Ducati & TPG – A “Wild Ride” LBO
Q1. The nature of the opportunity and the question of brand expansion 1.1 The situation of the target firm
Positives: (1) The Ducati brand was world famous;(2) The product was great in terms of technology and quality and it had won the 1990, 1991, 1992, 1994, and 1995 World Superbike championships against strong competition;(3) Ducati’s product family was broad offering 15 models in four families based on seven different engines;(4) The company had strong manufacturing fundamentals with low fixed cost and high level of standardization of its engines. Negatives: (1) Ducati faced severe financing problems, so it had to delay payments to some key suppliers which led to unfinished products. This in turn led to lower sales and extended customer wait lists;(2) The management was bad with its business entangled with Cagiva;(3) The financial performance was not at all transparent. 1.2 The nature of the deal. It is the takeover of a badly managed and financially distressed motorcycle manufacture firm who is strong in brand and manufacturing fundamentals. The objective is to use TPG’s mastery in management and its financing support to improve the target’s business situation. 1.3 The brand is expandable or not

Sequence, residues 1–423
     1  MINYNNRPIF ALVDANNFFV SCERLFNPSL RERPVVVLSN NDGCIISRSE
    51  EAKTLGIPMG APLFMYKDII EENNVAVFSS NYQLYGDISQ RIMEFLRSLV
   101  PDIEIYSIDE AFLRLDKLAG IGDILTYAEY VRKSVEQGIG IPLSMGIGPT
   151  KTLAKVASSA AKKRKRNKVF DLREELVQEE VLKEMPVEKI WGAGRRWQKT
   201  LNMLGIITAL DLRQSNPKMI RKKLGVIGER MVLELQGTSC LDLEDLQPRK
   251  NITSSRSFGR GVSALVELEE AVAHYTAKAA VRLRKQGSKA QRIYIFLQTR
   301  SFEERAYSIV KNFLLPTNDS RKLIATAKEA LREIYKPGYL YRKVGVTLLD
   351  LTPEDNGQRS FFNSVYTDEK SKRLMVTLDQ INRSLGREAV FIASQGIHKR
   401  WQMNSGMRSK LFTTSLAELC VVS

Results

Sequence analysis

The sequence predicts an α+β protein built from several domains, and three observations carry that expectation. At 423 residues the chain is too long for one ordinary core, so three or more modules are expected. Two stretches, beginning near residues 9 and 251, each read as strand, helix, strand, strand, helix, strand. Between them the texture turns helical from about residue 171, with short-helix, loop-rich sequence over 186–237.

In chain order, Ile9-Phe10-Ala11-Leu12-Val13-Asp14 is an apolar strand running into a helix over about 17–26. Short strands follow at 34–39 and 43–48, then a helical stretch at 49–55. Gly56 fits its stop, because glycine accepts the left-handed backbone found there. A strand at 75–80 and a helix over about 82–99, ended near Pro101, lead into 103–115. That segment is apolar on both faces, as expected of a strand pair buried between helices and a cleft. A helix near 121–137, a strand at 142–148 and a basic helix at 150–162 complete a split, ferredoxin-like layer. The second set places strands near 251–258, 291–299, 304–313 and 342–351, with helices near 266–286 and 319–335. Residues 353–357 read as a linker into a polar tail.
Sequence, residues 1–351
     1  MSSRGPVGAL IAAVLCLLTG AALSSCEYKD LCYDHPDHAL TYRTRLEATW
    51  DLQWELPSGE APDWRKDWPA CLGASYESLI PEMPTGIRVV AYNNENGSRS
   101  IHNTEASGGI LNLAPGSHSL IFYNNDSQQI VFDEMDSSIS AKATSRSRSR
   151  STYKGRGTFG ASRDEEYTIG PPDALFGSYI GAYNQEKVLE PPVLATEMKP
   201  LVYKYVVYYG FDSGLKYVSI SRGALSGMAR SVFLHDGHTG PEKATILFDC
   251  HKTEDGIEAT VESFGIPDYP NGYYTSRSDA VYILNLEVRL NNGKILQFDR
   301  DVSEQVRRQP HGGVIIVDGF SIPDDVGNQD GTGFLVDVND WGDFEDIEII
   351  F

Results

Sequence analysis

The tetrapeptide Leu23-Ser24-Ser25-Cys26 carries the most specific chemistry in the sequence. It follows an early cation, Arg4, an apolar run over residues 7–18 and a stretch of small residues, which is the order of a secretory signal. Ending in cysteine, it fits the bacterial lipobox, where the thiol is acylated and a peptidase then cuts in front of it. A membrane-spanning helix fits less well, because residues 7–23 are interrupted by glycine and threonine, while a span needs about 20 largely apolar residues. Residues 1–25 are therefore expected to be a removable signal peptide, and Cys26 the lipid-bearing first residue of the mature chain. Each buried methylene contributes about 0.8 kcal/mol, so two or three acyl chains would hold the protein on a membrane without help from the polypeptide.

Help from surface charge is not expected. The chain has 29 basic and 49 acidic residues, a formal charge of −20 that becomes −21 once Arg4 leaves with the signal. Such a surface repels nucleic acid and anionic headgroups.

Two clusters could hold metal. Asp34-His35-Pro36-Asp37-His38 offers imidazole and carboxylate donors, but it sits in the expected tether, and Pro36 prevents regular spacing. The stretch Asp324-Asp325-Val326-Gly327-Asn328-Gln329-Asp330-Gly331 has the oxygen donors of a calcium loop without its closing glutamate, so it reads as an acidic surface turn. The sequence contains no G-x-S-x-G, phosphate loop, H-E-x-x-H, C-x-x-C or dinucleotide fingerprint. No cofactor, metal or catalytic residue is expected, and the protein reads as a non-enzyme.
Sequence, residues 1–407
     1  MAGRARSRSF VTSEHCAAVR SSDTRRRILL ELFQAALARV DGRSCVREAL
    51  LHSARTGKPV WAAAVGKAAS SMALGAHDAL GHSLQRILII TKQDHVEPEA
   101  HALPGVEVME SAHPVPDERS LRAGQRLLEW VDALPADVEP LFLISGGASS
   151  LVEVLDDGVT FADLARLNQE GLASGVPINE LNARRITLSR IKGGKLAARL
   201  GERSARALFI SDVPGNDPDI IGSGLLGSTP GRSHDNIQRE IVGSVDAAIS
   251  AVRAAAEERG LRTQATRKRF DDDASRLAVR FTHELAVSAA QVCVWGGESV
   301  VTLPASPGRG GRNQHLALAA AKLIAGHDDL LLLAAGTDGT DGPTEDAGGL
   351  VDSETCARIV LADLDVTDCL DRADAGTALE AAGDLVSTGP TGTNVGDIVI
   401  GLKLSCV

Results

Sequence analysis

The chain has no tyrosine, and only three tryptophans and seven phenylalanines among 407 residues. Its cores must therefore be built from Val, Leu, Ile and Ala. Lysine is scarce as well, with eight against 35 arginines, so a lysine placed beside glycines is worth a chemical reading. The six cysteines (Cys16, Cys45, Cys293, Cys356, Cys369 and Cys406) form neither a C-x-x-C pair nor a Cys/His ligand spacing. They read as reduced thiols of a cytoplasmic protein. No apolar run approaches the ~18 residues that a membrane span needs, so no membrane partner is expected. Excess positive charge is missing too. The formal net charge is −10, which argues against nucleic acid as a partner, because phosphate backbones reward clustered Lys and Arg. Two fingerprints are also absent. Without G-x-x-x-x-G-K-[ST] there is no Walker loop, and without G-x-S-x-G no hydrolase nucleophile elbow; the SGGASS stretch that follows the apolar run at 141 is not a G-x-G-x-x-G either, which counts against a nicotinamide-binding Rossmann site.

We judge that Ducati could expand beyond motorcycles. To have this conclusion, we have gone through the following questions: What kind of products Ducati could provide? As the only business of the firm is motorcycle, motorcycle related products should be the first choice. Two categories of products are suggested: (1) Clothes and motorcycle related accessories like Gloves, sunglasses, and helmets; (2) Mechanical accessories like engines and other parts. Where does the demand come from? It’s natural that a Ducati bike fan will be happy to have a Ducati-styled wears. So clothes and accessories buyers should majorly come from current Ducati bike owners. As Ducati is famous for its engine technology and strong manufacturing fundamentals, its mechanical accessory product should be welcomed by motorcycle manufacturers around the world. The marketing, design and distribution of the product: With a world famous brand already established, promotion of new products is not difficult. As marketing activity is still at low level, all it needs is just to make more efforts in this part. Italy is famous for its fashion and design, so it’s not difficult to find a good designer to implant Ducati’s style into clothes and accessories. For distribution, Ducati could sell its new products in existing Ducati stores. A further approach could be done by cooperating with retailing companies to expand its clothing and accessory products. Role model: Harley-Davidson: Harley’s clothing and mechanical accessory products are highly profitable and account for about 15% of its sales. As Ducati’s situation is quite similar to Harley’s, Ducati will probably copy Harley’s model. Q2: How does the deal differ from a typical private equity deal in the US? 2.1 Deal Flow Generation: In US, private equity firms’ deal flow is generated from many sources, including business plans received, referrals from entrepreneurs or companies in which the fund has previously invested, from other funds looking to syndicate a deal, and from professionals, such as attorneys and accountants, who are familiar with the fund's investment criteria. In spring of 1995, Cagiva confronted apparent financial problems and approached DMG for a bridge loan, who referred a deal of equity investment in Cagiva to TPG. 2.2 Due Diligence Process: In US, due diligence get started after the prospective buyers and sells recognize this deal is mutually beneficial. In depth DD is generally conducted after a binding agreement is in place and earnest money has been provided. Due diligence in this deal was to find out the financial conditions of Ducati, especially its profitability. Because Ducati and Cagiva were so intertwined to...
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